Trimean

In statistics the trimean (TM), or Tukey's trimean, is a measure of a probability distribution's location defined as a weighted average of the distribution's median and its two quartiles:

$TM= \frac{Q_1 + 2Q_2 + Q_3}{4}$

This is equivalent to the average of the median and the midhinge:

$TM= \frac{1}{2}\left(Q_2 + \frac{Q_1 + Q_3}{2}\right)$

The foundations of the trimean were part of Arthur Bowley's teachings, and later popularized by statistician John Tukey in his 1977 book[1] which has given its name to a set of techniques called Exploratory data analysis.

Like the median and the midhinge, but unlike the sample mean, it is a statistically resistant L-estimator with a breakdown point of 25%. This beneficial property has been described as follows:

An advantage of the trimean as a measure of the center (of a distribution) is that it combines the median's emphasis on center values with the midhinge's attention to the extremes.

—Herbert F. Weisberg, Central Tendency and Variability[2]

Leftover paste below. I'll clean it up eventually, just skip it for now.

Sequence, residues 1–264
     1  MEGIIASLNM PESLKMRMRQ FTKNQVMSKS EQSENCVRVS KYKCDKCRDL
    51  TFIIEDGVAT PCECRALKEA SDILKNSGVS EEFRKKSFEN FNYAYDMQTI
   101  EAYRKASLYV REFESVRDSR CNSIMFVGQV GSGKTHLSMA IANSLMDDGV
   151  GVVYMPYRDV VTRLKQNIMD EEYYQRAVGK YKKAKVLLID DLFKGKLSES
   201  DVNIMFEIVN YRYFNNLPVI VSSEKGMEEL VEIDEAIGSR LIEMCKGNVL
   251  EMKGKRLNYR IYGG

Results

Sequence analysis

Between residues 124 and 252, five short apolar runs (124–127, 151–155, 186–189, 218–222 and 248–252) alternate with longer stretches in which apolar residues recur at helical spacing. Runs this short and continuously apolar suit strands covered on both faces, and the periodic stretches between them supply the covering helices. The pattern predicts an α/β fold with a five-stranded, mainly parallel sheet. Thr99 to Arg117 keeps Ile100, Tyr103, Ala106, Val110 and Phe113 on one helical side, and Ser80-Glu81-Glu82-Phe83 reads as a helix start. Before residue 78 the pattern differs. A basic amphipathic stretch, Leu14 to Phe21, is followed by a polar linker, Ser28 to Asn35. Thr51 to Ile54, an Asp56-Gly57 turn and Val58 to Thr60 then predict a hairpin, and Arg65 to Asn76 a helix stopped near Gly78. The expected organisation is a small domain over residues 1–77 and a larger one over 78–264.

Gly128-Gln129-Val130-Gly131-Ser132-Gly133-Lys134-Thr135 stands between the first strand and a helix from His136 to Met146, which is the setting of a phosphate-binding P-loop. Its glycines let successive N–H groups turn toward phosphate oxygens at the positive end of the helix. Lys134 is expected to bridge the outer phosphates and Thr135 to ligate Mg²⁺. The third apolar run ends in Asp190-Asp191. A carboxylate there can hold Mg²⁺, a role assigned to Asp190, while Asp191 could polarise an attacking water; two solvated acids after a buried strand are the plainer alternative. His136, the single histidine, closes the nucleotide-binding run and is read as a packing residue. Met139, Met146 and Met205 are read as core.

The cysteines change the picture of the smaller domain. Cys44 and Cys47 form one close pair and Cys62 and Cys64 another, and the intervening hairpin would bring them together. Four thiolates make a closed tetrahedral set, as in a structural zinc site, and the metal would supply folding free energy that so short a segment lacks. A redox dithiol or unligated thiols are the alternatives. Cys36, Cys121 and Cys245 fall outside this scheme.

Efficiency

Despite its simplicity, the trimean is a remarkably efficient estimator of population mean. More precisely, for a large data set (over 100 points) from a symmetric population, the average of the 20th, 50th, and 80th percentile is the most efficient 3 point L-estimator, with 88% efficiency.[3] For context, the best 1 point estimate by L-estimators is the median, with an efficiency of 64% or better (for all n), while using 2 points (for a large data set of over 100 points from a symmetric population), the most efficient estimate is the 29% midsummary (mean of 29th and 71st percentiles), which has an efficiency of about 81%. Using quartiles, these optimal estimators can be approximated by the midhinge and the trimean. Using further points yield higher efficiency, though it is notable that only 3 points are needed for very high efficiency.